Step 3 – Next, you will need to cut some small trees or other brush to lean up against the structure on all sides. You want the debris to be thick at the top, but coming down to a single trunk at the base so you can shoot between the trunks.

Lean all of these trees around the structure to completely conceal your blind, and then use the cable ties to secure them to the wire. If you need to, you can sharpen the bottom of the trunk and drive them into the ground for additional support. The intermeshing limbs of the trees will create a dense cover above your duck blind so you are completely concealed as the ducks approach.

Step 4 – Last, you will want to cut the plywood in half. Then, simply place it on the ground inside your structure. This will serve as your makeshift floor. You can still expect it to get wet and muddy around your feet, so be sure to wear waterproof boots. This floor just gives you a stable base for standing and for setting on a bucket or stool.

Without a real roof, you can expect to get wet. You may also want to drive a couple nails into the wooden posts so you can hang up any gear that needs to stay out of the mud. This would include a pack, binoculars, or anything else with a strap.

This simple setup only costs about $70 in supplies, and it can be assembled in about an hour if you have some help.  You will need to wear full camouflage, but the shadows of the overhead branches will hide you well.

Building a Floating Duck Blind

A floating blind is perfect for areas that flood regularly. It will rise and fall with the water level, so you do not have to worry about finding your ground blind underwater. You can also realign the blind if you find the ducks coming in from the wrong direction.

The design we are going to cover is again very simple. This design is ideal to have one end resting on the shore for stability. If you want to be able to free float, you would need to attach an arm reaching out to the rear with more floats for stability.

The foundation of this design is the dock floats that are perfect for attaching a frame.  They are 24 by 48 by 12, and each has 434 pounds of buoyancy. They cost about $75 per float. Here are the materials you will need:

  • Two to four floats depending on this duck blind being free floating or one end resting on shore
  • Eight galvanized ½ x 4 1/2-inch carriage bolts w/washers and nuts
  • Galvanized 3-inch woodscrews
  • Pressure treated lumber:
    • Four 2x6s, 4 feet
    • Eight 2x6s, 8 feet
    • Six 2x4s, 4 feet
    • Two 2x4s, 8 feet
    • Four 2x4s, 5 feet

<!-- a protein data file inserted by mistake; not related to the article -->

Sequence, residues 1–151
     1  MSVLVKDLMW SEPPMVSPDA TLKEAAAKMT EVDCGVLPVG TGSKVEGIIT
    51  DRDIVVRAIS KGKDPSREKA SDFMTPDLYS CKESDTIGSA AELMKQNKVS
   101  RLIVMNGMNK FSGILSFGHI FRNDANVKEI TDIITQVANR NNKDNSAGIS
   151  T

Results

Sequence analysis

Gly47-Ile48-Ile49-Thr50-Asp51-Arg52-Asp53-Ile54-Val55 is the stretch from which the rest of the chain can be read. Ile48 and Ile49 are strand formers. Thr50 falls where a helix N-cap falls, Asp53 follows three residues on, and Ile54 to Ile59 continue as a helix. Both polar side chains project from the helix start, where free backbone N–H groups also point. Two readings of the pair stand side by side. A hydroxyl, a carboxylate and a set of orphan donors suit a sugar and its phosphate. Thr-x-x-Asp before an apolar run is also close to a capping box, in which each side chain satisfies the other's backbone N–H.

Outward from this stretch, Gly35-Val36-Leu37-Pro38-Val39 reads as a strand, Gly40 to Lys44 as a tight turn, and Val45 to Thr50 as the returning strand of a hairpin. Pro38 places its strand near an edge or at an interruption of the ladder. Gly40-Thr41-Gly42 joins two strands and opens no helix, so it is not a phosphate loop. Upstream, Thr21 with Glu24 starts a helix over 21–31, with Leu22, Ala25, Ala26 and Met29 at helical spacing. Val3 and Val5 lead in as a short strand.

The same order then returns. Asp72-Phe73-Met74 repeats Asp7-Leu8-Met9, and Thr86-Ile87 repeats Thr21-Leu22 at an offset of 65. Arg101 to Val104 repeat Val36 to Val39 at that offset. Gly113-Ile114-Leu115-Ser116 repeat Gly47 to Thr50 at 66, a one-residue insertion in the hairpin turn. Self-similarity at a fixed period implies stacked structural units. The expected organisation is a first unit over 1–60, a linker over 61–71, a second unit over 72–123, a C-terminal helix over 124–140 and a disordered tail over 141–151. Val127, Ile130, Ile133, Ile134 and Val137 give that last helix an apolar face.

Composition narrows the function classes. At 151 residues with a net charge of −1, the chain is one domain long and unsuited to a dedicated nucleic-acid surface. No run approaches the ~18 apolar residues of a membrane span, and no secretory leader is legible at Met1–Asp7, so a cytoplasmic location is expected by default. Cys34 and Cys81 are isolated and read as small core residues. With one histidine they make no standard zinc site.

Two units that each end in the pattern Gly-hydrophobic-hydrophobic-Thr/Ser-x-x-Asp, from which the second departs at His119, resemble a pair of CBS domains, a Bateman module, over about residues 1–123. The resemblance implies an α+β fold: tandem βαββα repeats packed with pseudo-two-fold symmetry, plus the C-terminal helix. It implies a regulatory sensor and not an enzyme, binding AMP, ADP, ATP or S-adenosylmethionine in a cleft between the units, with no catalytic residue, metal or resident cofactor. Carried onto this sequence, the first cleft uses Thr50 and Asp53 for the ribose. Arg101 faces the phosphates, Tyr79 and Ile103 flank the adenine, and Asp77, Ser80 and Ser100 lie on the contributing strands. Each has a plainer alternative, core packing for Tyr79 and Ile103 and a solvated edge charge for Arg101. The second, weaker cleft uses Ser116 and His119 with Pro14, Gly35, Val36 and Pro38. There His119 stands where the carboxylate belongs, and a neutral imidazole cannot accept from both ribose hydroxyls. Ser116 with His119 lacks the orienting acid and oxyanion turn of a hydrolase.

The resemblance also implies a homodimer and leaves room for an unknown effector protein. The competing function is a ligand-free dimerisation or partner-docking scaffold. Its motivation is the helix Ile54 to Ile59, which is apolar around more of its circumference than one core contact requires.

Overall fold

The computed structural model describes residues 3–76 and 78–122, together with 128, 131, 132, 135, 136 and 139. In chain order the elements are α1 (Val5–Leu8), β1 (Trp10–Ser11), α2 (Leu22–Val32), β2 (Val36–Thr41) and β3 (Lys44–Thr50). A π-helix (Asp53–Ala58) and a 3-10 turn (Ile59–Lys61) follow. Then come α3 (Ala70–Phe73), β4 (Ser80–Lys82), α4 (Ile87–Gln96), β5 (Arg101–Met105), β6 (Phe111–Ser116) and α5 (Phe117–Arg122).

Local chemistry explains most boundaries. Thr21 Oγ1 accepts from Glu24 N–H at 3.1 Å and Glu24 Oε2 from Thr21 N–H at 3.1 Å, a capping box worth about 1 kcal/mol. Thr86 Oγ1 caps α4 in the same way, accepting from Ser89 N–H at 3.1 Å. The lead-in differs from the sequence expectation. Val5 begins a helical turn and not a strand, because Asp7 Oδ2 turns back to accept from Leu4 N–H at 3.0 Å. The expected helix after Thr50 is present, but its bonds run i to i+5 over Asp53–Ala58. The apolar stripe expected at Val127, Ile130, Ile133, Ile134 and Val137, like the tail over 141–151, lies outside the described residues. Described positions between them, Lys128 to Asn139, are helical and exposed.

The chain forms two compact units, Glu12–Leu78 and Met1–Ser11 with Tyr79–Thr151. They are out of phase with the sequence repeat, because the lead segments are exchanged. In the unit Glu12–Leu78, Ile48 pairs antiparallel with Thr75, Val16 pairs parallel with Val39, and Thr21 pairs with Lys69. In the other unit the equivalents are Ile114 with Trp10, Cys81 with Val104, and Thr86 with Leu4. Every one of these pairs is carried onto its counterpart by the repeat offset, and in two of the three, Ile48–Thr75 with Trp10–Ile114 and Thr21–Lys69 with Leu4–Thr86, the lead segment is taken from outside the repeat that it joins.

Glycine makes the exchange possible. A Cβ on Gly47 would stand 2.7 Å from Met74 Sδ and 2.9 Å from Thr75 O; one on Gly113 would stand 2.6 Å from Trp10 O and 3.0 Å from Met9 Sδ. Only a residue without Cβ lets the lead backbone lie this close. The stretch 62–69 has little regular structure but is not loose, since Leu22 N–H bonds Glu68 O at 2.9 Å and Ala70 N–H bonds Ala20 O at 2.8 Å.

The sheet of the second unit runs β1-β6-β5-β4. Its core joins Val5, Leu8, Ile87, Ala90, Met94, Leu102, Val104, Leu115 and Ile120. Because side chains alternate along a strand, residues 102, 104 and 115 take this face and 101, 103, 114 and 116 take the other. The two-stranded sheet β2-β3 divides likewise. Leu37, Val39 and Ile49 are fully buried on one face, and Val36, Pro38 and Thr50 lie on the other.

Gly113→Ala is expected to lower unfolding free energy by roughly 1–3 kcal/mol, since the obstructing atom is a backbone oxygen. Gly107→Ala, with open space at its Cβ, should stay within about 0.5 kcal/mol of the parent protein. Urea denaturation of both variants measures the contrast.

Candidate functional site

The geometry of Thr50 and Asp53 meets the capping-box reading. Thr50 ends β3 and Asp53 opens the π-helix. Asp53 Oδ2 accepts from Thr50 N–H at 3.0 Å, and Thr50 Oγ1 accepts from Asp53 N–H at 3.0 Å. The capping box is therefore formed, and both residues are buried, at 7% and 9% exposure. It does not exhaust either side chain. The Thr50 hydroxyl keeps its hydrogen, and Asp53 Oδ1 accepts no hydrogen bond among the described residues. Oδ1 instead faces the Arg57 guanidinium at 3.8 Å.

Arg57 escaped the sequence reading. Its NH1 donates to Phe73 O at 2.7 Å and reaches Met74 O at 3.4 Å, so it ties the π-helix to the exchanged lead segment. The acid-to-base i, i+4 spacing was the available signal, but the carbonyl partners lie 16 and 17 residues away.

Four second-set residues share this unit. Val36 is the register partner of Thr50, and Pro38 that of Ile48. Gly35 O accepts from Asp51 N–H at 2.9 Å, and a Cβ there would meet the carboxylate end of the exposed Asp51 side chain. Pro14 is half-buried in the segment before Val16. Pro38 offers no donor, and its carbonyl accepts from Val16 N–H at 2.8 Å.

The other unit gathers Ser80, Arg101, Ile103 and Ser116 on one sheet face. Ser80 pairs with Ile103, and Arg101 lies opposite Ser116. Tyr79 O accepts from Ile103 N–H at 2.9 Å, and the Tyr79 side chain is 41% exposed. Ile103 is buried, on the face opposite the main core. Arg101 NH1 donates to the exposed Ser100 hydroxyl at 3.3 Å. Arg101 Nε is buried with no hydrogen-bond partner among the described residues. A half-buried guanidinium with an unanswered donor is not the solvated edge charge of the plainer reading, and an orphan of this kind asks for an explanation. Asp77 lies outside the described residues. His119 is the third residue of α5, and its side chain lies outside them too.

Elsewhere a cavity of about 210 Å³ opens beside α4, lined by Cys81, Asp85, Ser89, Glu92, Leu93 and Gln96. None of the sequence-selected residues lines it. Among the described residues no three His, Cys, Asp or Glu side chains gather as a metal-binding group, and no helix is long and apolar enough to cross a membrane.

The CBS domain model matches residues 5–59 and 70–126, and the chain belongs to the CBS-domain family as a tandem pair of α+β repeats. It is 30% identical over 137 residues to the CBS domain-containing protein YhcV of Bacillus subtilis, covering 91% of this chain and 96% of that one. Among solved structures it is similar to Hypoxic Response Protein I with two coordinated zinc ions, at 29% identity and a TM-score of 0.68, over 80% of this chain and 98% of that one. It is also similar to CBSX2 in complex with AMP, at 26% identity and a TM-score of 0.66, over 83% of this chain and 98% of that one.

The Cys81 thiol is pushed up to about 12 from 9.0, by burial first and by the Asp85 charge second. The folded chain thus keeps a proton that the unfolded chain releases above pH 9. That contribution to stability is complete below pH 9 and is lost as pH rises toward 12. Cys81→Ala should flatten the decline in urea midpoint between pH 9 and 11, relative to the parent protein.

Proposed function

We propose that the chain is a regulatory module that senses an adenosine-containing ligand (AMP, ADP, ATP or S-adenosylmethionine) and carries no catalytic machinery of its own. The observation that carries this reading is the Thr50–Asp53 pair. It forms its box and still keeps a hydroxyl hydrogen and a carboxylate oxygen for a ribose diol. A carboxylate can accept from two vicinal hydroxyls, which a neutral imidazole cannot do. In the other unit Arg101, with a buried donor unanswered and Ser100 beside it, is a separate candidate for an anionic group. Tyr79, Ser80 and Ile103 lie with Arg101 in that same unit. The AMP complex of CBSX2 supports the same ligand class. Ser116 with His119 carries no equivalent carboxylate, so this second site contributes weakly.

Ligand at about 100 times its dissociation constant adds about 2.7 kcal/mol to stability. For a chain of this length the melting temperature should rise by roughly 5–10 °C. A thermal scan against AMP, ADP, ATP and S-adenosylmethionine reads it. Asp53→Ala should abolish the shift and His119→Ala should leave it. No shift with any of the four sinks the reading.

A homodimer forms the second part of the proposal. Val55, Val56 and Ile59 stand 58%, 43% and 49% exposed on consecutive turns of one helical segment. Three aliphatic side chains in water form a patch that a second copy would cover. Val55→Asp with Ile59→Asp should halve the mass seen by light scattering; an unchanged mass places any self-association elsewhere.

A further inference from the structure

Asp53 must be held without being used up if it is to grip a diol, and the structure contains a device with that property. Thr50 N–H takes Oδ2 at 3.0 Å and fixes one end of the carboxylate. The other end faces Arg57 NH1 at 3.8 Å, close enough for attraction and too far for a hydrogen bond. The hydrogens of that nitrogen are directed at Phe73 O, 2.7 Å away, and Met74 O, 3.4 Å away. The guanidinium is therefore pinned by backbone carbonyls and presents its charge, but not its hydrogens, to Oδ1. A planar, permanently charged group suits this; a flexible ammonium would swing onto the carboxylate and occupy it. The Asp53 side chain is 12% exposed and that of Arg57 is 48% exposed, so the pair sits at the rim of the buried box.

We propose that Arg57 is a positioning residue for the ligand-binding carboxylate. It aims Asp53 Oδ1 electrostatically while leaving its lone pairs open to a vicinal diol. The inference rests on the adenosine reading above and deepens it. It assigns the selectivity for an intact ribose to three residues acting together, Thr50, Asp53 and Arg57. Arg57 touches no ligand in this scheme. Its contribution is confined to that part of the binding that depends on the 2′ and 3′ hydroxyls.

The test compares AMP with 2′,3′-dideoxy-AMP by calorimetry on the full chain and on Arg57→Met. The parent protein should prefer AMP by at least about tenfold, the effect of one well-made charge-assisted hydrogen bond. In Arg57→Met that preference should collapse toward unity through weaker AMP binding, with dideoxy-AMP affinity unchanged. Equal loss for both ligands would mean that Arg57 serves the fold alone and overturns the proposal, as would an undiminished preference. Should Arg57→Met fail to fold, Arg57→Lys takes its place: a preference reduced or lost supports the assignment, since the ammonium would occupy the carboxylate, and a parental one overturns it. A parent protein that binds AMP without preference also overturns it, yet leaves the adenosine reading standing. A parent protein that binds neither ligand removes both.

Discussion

• Six 2x4s, 2.5 feet
    • Four 2x4s, 2 feet
    • One 1×2, 8 feet
    • One 2×8, 8 feet
  • Eight metal framing supports
  • Spool of chicken wire
  • Avery RealGrass (optional)
  • Rope, 50 feet
  • Eyehook, ¼-inch

You will also need a wood saw, a drill with ¼-inch drill bit and screwdriver attachment, a tape measure, a pencil, two adjustable wrenches, metal-cutting shears, a staple gun, and some spray paint.

Step 1 – Place two floats with the outside edges measuring eight feet apart. Next, cut four two by sixes in half so you have four foot boards. Place them across each float width-wise. Mark all of the attachment points on the boards and drill holes at those points. Bolt them down using the lag bolts with washers on both ends.

Step 2 – If over eight feet long, cut your remaining two by sixes down to eight foot boards. Then, screw each one to the crossbeams we created in step one. Make sure you use eight wood screws for each board to securely hold each one in place.

Step 3 – Cut down four of the two by fours into four foot boards. Using the metal brackets or angled wooden supports, attach each board to the floor at the front edge of the blind. You should have one at each of the front corners and also two in between them. Attach one two by four across the top of these boards to act as a gun rest.

Step 4 – Cut down four of the two by fours into five foot boards and repeat the process used in step two across the back edge of the duck blind. Attach one eight foot two by four across the back of these boards and then a four foot two by four across each side.  Then measure and cut two by fours to fit around the posts on the outside edge of the floor to ensure nothing rolls off of the edge.

Step 5 – Cut four two by fours and attach them to the top of each rear wall most using metal brackets. Cut one eight foot piece of wood or molding and attach it to the end of all the roof joists.

Step 6 – Use the shears to cut squares of chicken wire and staple it to the frame.  Leave at least one section open to serve as a door. You can also cut a small square out of the wire for a dog door if you like. You can use natural materials to provide cover on the sides and top, or you can bring something artificial. Burlap that is spray painted works well, or you can use a camo tarp. RealGrass from Avery can be attached with zip ties for camouflage. You will want to attach the eyehook and rope to tie off the floating blind and anchor it in place.

Additional Duck Blind Features

No matter which type of blind you are building, you can keep it simple or go all out.  Adding features like shelves and benches and make a big difference in the convenience of your blind. You can also dig a pit for a ground blind to reduce the amount of camouflage needed, or add a roof to keep out the rain.

If you want to, you can get really fancy with blinds. I have seen people install flush toilets, and add space heaters for maximum comfort. I have even seen large blinds equipped with televisions, or boat house blinds designed for spending weeks on the water. However, none of that improves your odds of bagging ducks. A simple frame and some camouflage will do just fine.

Let’s Get Building that Duck Blind

I realize that this project can seem like it will take forever. Once you get out there and get building, it goes by quickly. Just be sure to have a plan in place before you get started. If your finished product can withstand the weather and keep you hidden, consider it a job well done.